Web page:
Q: I just started reading up on your [Positions-of-Flexion] mass-building method. The full-range hit on each muscle makes so much sense that I can’t wait to try it. A friend said it helped him build 10 pounds of new mass in just six weeks. Where do I start? Is there a basic 4-days-per-week POF mass workout I can use?
Q: I’ve read about your 4X mass-building method in a few of your newsletters. I find it hard to believe that I can build bigger muscles doing only one exercise per bodypart for four quick sets with only the last set to failure. Will that really work?
A: You misunderstood the concept—we probably should’ve been more clear. Unless you’re a beginner, you should do more than one exercise in 4X style per bodypart. We mistakenly assumed that readers know we use Positions-of-Flexion mass training, which works a muscle through its midrange, stretch, and contracted positions. That usually requires THREE exercises per bodypart… [Read more…]
Q: I’ve seen you guys talk about Mass Finishers in the past. Is that a Positions-of-Flexion term, a special exercise, or something to do with
A: Lol. It relates to mass—as in muscle size—and you could say that it’s a “special” exercise…
We first outlined this technique in the Size Surge 2.0 e-book—in the chapter on Mass-4X training. You do it after a full-range Position-of-Flexion bodypart routine (there’s a complete sample program there for every muscle group)…[Read more…]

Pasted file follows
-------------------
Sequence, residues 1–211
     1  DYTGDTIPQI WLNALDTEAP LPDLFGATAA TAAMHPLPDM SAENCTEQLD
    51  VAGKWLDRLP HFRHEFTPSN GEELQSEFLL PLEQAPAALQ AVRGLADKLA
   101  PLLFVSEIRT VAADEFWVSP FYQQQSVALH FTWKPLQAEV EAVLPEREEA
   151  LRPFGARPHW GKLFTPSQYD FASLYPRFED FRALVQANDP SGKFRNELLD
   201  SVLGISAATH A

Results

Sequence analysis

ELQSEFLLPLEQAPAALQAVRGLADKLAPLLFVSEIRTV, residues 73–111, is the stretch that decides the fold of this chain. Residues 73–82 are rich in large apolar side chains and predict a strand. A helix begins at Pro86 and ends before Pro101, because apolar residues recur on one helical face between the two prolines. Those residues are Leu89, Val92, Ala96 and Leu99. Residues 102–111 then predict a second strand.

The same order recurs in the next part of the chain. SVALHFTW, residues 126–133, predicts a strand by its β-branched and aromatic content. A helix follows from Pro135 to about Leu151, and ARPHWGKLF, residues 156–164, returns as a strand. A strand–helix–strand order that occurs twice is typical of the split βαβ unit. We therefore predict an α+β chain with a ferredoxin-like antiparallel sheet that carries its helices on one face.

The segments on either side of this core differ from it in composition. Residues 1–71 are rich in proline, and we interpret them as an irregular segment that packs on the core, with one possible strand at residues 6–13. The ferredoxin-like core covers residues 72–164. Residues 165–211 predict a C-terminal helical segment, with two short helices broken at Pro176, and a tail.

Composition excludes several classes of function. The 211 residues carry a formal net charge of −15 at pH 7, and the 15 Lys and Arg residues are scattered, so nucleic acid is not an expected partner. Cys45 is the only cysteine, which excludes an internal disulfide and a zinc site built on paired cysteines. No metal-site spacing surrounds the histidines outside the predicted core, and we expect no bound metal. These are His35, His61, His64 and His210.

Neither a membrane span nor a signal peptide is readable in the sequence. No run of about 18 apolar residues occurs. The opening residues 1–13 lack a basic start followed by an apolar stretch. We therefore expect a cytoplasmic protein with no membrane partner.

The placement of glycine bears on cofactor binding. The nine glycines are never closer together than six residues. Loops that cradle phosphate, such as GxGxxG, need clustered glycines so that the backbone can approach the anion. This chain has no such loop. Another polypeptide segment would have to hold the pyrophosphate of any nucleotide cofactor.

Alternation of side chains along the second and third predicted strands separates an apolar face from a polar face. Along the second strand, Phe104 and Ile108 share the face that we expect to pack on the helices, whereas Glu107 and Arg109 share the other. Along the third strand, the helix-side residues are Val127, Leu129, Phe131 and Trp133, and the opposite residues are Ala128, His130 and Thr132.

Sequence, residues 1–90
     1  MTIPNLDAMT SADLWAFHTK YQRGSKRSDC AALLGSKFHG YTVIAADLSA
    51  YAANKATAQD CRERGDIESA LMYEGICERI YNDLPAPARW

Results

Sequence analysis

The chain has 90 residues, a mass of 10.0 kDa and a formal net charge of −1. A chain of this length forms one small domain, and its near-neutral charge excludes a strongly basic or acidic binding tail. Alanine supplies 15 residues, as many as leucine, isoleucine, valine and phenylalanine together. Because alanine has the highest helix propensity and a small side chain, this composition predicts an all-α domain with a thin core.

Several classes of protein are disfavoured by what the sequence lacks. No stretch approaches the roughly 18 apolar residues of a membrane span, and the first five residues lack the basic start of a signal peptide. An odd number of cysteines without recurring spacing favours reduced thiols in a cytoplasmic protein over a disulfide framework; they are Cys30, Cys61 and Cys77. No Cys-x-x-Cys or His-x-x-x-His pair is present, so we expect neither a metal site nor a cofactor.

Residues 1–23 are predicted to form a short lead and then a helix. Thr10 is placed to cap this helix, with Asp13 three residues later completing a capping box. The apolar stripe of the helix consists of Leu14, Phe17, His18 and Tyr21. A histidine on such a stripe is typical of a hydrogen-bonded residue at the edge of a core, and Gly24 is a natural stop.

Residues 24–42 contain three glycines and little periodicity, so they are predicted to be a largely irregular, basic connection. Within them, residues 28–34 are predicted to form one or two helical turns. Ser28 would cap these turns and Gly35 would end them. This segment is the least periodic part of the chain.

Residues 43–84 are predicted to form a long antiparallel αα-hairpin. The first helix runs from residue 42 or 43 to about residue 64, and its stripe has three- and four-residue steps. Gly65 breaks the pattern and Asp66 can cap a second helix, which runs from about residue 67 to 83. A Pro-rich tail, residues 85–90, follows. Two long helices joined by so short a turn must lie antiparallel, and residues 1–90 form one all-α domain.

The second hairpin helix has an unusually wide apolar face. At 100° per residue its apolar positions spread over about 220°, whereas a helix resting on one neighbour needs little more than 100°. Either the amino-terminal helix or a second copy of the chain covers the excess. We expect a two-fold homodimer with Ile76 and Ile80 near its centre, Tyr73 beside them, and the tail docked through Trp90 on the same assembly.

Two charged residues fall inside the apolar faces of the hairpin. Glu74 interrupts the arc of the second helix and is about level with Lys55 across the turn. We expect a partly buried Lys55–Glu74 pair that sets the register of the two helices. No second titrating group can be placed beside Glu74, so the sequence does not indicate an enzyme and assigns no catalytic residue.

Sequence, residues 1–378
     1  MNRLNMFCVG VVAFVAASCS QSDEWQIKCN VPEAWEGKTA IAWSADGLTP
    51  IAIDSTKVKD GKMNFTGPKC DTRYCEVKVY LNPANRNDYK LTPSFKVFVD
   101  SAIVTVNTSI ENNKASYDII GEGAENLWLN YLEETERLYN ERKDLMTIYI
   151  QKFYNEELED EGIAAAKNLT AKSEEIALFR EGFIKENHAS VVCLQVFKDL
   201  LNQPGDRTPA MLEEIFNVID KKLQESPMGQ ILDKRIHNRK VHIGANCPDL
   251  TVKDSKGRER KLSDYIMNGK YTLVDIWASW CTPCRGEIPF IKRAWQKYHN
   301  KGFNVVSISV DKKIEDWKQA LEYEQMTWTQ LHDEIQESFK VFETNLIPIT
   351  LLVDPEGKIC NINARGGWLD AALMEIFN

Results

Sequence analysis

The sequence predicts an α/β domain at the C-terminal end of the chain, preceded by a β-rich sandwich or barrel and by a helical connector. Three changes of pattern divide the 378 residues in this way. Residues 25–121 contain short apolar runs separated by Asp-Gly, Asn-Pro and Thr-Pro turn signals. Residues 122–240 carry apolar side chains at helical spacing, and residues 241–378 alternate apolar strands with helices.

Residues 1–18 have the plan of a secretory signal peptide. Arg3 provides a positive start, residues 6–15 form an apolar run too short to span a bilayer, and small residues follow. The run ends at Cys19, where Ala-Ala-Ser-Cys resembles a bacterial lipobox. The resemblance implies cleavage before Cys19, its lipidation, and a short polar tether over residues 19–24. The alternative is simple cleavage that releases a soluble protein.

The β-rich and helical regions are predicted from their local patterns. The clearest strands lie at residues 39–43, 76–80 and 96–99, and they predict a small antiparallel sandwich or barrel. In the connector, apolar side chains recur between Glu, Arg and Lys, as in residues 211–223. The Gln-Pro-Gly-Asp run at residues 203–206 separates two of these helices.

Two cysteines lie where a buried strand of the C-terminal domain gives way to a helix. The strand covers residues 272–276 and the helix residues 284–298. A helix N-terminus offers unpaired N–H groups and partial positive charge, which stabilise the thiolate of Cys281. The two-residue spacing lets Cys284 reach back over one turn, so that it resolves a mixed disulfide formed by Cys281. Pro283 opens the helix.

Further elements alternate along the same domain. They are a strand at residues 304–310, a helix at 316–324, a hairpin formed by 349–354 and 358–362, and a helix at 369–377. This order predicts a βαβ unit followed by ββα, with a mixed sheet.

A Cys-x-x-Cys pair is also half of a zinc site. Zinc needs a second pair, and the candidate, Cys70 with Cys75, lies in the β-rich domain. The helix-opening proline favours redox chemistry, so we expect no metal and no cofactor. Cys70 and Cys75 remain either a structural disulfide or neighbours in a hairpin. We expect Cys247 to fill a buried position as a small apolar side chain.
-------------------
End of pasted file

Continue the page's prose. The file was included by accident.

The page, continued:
Q: I’m an avid reader of your e-books as well as your website. I’ve been experimenting recently with a heavy set to failure (approximately 10 reps), adding X-Rep partials to the end. Then I do a second X-Only set, often with added weight. This is an excellent trigger for growth, especially if you warm up using the DXO [Double-X Overload] technique. On the warmup set, I do anywhere from four to five X Reps between [full-range] reps, and the burn is incredible! That [combination] has had such a strong effect on my body, that I now have some stretch marks appearing. I’m definitely getting much more muscular while dropping fat. Another thing I’ve been experimenting with is shortening the stroke of X Reps, to the point where I’m almost doing a static hold. I just pulse out very small partial reps. Which brings me to static holds. Research shows subjects adding a few pounds of muscle after only one workout, but that workout was followed by two weeks of rest. Surely two weeks off between workouts is ridiculous. I was wondering how you stand on recovery time and static holds?
A: Thanks for the feedback and your confidence in our methods. We discuss a lot of what you’re discovering and experimenting with in our X-Rep Update #1 e-book. Former Mr. Olympia Jay Cutler used a lot of X-Only sets, as we discuss in Chapter 5, Mr. O’s Wild X-O Workouts. Notice Cutler’s short stroke on this exercise…[Read more…]
Q: I’m a big believer in your Positions-of-Flexion workouts. I have gotten more growth with that [3-exercise approach] than with anything I’ve tried. One exercise I often have a problem with is incline curls [the stretch move for biceps]. Is there a substitute?